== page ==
Is Rehiring Former Employees a Good Move?

The Pros, Cons, and How to Decide Whether to Rehire an Employee

There are many reasons why employees might quit their jobs. They may not be a good fit, lack necessary skills, or feel they are not properly compensated. Whatever the reason, should you consider rehiring an employee who previously quit?

Pros of Hiring an Former Employee Over a New Employee

Hiring a former employee can be easier than hiring a new employee. They already know the company’s culture, they are familiar with the work environment, and they are familiar with the company’s products and services.

The onboarding process is easier and faster, and the formeremployee’s knowledge of your company and work processes should help him or her to become productive very quickly. The rehire should hit the ground running, and help to keep your culture intact. A formeremployee is a known quantity, and this could eliminate the risk of making a poor hire.

Cons of Hiring a FormerEmployee Over a New Employee

Despite the benefits of rehiring an employee, it’s not always the best option. There are a few things you should be aware of before hiring someone who has already worked for your company.

An formeremployee might not be as motivated as a new employee. They have been here before. Will the move back prove to be a temporary stepping stone for them?

It may be that the employee is reticent to take on tasks that they used to do. Their career has moved on. They may be more qualified now, and have a more responsible role with the current employer. What is their motivation to return?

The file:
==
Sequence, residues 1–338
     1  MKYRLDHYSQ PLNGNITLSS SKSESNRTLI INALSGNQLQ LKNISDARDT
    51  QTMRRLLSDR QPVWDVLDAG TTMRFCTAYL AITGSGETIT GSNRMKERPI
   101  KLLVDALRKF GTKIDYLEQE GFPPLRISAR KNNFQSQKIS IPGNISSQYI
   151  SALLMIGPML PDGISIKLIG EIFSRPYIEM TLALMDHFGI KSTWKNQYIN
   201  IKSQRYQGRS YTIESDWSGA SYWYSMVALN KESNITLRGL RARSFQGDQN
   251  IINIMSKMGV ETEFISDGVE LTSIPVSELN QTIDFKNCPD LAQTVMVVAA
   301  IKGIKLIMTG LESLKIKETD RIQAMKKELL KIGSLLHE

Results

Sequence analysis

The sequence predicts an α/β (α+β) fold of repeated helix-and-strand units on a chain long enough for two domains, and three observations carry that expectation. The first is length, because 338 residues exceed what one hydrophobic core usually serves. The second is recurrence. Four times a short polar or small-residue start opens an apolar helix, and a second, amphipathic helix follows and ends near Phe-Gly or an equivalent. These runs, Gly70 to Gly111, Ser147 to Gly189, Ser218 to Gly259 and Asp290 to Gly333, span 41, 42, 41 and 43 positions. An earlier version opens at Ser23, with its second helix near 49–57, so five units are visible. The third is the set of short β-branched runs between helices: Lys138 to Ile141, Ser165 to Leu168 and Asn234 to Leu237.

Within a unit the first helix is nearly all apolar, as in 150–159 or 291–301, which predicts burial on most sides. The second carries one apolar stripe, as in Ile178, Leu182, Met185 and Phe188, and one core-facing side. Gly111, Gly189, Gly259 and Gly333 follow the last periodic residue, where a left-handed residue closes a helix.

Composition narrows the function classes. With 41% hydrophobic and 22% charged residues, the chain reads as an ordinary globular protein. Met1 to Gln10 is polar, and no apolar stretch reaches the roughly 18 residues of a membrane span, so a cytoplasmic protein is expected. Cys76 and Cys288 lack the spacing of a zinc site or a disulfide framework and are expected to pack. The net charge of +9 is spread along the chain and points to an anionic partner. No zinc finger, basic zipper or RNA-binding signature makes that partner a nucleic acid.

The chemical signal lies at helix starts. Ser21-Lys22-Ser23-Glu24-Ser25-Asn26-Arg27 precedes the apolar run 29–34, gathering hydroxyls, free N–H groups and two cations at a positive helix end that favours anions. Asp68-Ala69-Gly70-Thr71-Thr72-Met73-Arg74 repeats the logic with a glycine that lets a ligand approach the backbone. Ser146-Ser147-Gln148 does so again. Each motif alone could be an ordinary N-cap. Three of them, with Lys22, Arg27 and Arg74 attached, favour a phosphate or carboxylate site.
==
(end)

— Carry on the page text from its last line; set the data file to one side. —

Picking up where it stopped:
It may also be that your company has changed from when the employee last worked for you. Leaders come and go. Company culture evolves. Your working practices adapt and change. A former employee may need as much onboarding as a new employee ─ and if your company isn’t the same one that they left, there is no guarantee the rehired employee won’t quickly seek a new opportunity away from you.

You should also consider how the employee left. Was there any animosity? Did they leave a mess behind them that their team and colleagues had to clear up? Did the employee make errors that might cause tension upon their return?

Should You Rehire an Employee Who Quit?

Right now, formeremployees are being rehired at a high rate. Many employees who quit during the covid pandemic are seeking a return to their previous employers. A UKG report has found that almost one in five employees who resigned during the pandemic have returned to their previous employers, and more than four in 10 are considering doing so.

Every situation is different. In some cases, it might be worth rehiring a solid performer who left on good terms. However, if you’re unsure, a new or internal hire is more likely to stay longer and improve their performance over time, which can make the upfront onboarding investment worthwhile.

If there was no issue with the employee’s work, and if they left on good terms, then rehiring may be a good move. You should also consider how long they have been away from the business, and how much onboarding they will require. Finally, ask why they left. This will give you a strong idea of whether they are likely to leave again soon.

Finally, it’s worth noting the findings of a Harvard Business Review study that concluded:

  • Returning employees’ performance tends to remain the same after being rehired
  • Internal and external hires improve more over time than rehires
  • Returning employees are more likely to quit than both internal and external hires

Should you rehire formeremployees or hire from an external pool of incredibly talented candidates?

We’d welcome the opportunity to partner with you and demonstrate just how effective our processes, recruiters, and networks are for our clients. Contact Lakeshore Talent today, and ask us anything you need to know. We’ll be happy to answer.